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Excerpted from Living in the Light by Shakti Gawain. Copyright © 1986 by Shakti Gawain. Excerpted by permission of New World Library.  All rights reserved. No part of this excerpt may be reproduced or reprinted without permission in writing from the publisher. HTML and web pages copyright © by SpiritSite.com.

"When I was fourteen years old I went through an enormous emotional crisis."

Shakti Gawain, Living in the Light, Part 2

My mother developed a successful career as a city planner in the days when there were few women in that field. She dealt with the usual challenges of single parenting - trying to balance the needs of her child with the demands of her work. Being the only child of a working mother, I developed a strong sense of responsibility and self-sufficiency quite early.

My mother is a very adventurous person. She loves to try new things, and for me, she was a great role model of fearlessness and pioneer spirit. She had been one of the first educated American women in her generation to have natural childbirth. I was the first baby her doctor had ever delivered without an anesthetic. I was blessed with a very fortunate birth. (On September 30, 1948, at 9:10 p.m. in Trenton, New Jersey, for all you astrologers!)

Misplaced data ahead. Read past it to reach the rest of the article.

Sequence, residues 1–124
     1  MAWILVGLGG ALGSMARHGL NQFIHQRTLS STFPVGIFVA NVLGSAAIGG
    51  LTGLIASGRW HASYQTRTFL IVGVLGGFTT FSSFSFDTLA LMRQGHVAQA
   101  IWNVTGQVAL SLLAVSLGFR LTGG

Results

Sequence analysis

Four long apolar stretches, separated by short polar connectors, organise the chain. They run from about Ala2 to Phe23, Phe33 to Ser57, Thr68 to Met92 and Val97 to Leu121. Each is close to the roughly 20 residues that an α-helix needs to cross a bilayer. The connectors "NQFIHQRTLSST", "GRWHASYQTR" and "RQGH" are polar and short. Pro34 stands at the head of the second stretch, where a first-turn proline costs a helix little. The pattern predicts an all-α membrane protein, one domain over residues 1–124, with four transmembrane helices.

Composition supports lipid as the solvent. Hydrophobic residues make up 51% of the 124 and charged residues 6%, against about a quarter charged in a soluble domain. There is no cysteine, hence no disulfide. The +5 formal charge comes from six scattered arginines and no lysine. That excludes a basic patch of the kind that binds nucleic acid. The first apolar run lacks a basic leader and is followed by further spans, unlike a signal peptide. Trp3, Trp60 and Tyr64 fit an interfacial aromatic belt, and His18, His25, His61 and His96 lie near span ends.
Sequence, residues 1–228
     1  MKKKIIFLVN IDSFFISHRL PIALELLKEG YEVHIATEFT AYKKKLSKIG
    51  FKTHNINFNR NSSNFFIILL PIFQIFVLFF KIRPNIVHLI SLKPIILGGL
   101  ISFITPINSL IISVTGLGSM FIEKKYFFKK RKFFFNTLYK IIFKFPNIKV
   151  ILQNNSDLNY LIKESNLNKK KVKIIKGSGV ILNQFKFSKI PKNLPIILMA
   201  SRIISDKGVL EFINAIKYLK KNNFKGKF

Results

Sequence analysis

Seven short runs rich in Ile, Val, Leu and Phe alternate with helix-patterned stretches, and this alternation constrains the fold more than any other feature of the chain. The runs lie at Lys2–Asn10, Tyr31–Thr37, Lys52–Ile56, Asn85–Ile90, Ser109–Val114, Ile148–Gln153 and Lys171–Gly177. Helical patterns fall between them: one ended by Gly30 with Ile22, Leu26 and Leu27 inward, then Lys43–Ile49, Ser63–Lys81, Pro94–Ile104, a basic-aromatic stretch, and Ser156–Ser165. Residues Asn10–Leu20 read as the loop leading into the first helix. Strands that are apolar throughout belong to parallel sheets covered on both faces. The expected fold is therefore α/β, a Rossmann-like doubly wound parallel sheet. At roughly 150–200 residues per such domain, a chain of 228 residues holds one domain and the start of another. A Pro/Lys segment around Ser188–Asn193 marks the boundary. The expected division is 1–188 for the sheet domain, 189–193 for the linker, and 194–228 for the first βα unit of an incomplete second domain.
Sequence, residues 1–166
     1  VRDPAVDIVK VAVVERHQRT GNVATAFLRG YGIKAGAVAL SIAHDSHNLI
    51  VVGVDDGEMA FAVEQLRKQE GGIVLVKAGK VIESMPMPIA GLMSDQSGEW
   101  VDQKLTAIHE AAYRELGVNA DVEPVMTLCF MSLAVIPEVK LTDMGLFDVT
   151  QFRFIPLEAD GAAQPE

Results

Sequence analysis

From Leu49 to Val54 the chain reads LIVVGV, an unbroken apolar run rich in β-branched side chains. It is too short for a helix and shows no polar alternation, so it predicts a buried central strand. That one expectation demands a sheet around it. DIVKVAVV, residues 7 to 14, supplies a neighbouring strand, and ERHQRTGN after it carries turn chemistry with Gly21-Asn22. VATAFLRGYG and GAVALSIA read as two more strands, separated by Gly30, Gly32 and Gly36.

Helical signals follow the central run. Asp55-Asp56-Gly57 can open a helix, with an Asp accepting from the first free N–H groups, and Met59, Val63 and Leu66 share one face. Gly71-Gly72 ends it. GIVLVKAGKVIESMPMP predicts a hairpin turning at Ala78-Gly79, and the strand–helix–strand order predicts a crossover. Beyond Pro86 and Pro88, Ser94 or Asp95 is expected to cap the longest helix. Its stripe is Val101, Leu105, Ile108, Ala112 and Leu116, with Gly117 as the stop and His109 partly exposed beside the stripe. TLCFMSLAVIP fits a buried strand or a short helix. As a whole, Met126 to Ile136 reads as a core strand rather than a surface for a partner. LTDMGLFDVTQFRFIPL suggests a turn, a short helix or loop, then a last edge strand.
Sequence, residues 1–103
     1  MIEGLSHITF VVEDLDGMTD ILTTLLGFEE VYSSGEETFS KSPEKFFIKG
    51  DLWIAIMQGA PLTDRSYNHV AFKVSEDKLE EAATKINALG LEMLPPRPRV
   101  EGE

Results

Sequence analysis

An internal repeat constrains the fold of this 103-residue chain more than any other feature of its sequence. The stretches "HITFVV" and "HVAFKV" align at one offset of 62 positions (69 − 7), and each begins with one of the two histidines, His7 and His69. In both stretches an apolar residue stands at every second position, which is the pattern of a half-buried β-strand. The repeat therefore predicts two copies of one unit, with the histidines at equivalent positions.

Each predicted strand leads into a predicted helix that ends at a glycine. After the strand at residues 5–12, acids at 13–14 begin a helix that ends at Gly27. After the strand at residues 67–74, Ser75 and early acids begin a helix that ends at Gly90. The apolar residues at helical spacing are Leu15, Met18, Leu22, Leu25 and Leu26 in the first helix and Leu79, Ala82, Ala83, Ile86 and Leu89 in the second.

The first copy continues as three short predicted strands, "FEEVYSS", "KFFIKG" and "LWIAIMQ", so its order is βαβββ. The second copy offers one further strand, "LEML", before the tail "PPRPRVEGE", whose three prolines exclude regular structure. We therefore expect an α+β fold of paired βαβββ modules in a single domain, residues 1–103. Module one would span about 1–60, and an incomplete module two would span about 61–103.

My mother loves to explore new places and we traveled a lot when I was a child - all over the United States, to the West Indies, Mexico, Hawaii, Europe. We also moved frequently whenever my mother changed jobs. Until I was about fifteen, I had never lived in one place longer than two or three years.

My mother's family had been Quakers and we stiff used the "plain language" when speaking to my grandmother (saying "thee" rather than "you" for the Quakers is an acknowledgement of the god within each person). So, on a deep level, I absorbed the profound respect for spirit and concern for humanity that is woven into the fabric of the Quaker religion, which I feel had a strong influence on me later in my life.

When I was fourteen years old I went through an enormous emotional crisis. Triggered initially by the collapse of my first romance (with an "older" man of nineteen - I was sure no one would ever compare), it snowballed into a deep and long-lasting existential despair. I took a long hard look at life and recognized that there was really no point or meaning to it. I could see that all the things that were supposed to provide significance in life - education, success, relationships, money - were in themselves ephemeral, meaningless, and empty. There didnít seem to be any thing else to fill the void. I was deeply disillusioned and depressed and basically remained in that state for several years.

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